On 15 October 2000 a website designed for me by friends in the Ponn Group was launched by the Infosys Chairman, N.R. Narayana Murthy, in the presence of Prof N. Balakrishnan of the IISc. Some of my friends asked me to post a few questions on the website. My questions were three. First: ‘India has been a developing country for more than half a century. What would you as young boys and girls like to do to make it a developed India?’ The second question was, ‘When can I sing a song of India?’ and the third , do we love anything foreign in spite of our capabilities in many fields, whereas other countries celebrate their own success?’ My only stipulation was that the answer should come from youth aged under twenty.

More than a hundred answers and suggestions were received from within the country and abroad. Five of these answers are relevant here.

One young man from Chandigarh responded, ‘I will become a teacher (rather, a professor of engineering) since I am good in, as well as enjoy, teaching and I believe that one of the best ways in which to serve one’s nation is to be either a professor or a soldier...’ A girl wrote from Pondicherry, ‘A single flower makes no garland. I will... work for a garland leading to unity of minds, as this is needed for transforming India into a developed country.’ A twenty-year-old youth from Goa responded, ‘Like an electron ceaselessly moving in its orbit, I will work ceaselessly for my country, now onwards.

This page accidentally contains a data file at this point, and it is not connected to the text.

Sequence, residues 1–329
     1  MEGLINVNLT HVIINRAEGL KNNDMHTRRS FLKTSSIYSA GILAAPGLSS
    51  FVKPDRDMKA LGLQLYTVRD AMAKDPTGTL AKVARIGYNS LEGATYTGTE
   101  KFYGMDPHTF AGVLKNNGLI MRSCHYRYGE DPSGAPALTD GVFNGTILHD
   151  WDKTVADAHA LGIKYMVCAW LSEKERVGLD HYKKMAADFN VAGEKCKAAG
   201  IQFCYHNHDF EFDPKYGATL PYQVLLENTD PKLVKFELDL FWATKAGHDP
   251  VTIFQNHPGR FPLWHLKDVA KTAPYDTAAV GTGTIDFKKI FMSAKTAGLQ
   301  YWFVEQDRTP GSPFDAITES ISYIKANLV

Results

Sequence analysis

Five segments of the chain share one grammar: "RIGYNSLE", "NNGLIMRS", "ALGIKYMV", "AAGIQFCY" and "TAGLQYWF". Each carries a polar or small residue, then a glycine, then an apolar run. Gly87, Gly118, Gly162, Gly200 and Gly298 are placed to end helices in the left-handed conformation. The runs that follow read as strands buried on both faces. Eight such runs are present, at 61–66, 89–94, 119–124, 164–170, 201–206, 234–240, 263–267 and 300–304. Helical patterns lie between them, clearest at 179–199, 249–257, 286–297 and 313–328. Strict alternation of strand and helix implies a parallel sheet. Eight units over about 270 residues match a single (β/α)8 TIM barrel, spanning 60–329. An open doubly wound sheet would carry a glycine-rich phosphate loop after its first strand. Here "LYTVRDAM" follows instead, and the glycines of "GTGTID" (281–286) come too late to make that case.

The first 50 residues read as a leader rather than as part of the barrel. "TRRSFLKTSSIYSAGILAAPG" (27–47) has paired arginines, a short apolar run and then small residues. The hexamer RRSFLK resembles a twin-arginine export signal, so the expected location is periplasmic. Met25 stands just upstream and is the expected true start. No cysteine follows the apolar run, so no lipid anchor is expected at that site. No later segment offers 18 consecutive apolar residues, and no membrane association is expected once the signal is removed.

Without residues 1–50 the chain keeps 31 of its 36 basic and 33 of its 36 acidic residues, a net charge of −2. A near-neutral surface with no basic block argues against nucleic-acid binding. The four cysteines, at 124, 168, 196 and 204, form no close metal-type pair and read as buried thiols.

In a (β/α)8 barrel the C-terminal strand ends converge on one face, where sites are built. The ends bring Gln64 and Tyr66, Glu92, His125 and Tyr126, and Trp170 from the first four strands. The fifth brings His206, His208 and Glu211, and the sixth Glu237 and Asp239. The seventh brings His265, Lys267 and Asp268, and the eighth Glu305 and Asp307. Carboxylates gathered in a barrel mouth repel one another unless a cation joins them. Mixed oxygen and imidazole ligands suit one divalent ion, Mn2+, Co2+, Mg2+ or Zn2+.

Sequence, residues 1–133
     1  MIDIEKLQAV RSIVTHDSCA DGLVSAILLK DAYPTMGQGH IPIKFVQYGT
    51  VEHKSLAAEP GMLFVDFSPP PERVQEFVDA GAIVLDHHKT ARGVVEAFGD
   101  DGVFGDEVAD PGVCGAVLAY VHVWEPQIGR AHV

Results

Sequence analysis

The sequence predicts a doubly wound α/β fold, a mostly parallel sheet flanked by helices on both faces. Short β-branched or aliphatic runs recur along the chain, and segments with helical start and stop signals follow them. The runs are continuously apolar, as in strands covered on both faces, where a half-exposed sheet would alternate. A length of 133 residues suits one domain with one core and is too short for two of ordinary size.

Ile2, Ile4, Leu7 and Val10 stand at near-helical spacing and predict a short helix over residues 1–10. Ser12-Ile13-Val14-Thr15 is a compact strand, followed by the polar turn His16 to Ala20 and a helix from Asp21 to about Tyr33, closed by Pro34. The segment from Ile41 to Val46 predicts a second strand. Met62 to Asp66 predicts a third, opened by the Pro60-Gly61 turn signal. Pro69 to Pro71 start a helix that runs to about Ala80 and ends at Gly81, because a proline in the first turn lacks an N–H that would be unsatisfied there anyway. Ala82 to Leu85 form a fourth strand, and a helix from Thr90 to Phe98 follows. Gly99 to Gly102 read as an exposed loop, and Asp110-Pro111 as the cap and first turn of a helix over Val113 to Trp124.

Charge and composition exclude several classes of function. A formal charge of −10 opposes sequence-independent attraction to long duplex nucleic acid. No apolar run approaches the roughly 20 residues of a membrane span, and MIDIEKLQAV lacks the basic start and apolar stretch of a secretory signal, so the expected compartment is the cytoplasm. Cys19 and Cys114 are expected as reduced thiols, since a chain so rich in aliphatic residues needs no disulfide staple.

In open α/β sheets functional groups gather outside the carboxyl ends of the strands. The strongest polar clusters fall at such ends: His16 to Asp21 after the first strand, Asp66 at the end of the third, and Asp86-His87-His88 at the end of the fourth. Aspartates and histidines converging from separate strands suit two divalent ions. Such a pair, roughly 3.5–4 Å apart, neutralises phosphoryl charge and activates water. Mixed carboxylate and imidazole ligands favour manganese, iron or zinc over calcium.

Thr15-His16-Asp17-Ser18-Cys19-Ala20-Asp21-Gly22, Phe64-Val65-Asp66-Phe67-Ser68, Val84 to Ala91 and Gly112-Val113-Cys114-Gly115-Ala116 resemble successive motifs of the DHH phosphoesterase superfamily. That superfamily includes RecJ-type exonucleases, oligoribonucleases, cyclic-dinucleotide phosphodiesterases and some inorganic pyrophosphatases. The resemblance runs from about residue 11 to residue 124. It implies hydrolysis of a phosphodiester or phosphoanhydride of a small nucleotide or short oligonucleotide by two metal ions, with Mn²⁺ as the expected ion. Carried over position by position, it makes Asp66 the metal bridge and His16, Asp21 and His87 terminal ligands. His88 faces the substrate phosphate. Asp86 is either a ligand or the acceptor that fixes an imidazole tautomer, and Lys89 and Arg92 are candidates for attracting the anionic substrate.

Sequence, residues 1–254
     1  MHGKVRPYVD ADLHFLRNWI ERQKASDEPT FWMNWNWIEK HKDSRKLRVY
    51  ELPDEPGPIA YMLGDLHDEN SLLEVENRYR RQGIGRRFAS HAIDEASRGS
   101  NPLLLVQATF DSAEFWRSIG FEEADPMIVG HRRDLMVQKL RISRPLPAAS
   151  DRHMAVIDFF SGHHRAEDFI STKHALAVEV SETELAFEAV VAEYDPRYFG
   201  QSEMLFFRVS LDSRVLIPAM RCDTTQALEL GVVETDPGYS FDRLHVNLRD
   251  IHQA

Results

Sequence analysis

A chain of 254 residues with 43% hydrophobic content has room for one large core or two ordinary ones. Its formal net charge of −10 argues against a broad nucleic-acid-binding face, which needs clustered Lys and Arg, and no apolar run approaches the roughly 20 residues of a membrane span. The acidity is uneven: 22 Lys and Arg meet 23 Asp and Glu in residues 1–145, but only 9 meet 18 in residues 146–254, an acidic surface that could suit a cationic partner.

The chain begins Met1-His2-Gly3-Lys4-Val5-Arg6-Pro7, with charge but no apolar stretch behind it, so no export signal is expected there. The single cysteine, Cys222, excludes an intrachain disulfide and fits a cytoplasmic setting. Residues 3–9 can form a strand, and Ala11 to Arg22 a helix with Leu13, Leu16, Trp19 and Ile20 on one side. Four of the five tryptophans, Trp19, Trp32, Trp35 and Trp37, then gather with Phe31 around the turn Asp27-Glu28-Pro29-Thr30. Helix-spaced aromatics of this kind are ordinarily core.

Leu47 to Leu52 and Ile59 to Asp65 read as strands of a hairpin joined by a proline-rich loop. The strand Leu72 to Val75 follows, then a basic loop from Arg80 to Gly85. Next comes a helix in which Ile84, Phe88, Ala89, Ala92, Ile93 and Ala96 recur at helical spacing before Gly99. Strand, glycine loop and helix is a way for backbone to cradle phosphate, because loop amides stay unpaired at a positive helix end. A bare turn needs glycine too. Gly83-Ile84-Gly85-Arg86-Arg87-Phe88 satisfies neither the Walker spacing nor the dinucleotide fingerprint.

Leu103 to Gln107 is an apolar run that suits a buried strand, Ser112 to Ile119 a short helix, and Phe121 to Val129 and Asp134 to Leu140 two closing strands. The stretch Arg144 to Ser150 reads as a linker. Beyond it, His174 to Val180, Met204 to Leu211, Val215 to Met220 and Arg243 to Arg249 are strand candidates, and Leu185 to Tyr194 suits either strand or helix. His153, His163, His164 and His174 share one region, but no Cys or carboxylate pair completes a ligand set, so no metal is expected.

With reference to the second point I had raised, a young man from Atlanta wrote: ‘When India becomes capable of imposing sanctions against any country, if they are needed, then I will sing a song of India.’ What the young man meant was that economic strength brings prosperity accompanied by national strength. The fifth answer is actually something that 30 per cent of the respondents said: the need for greater transparency in various facets of our life. One crucial fact often overlooked is that India has a population of 700 million people below the age of thirty-five. These are 700 million people with the inclination, the ability and the enthusiasm to take the nation to greatness. It is a very big force for change indeed.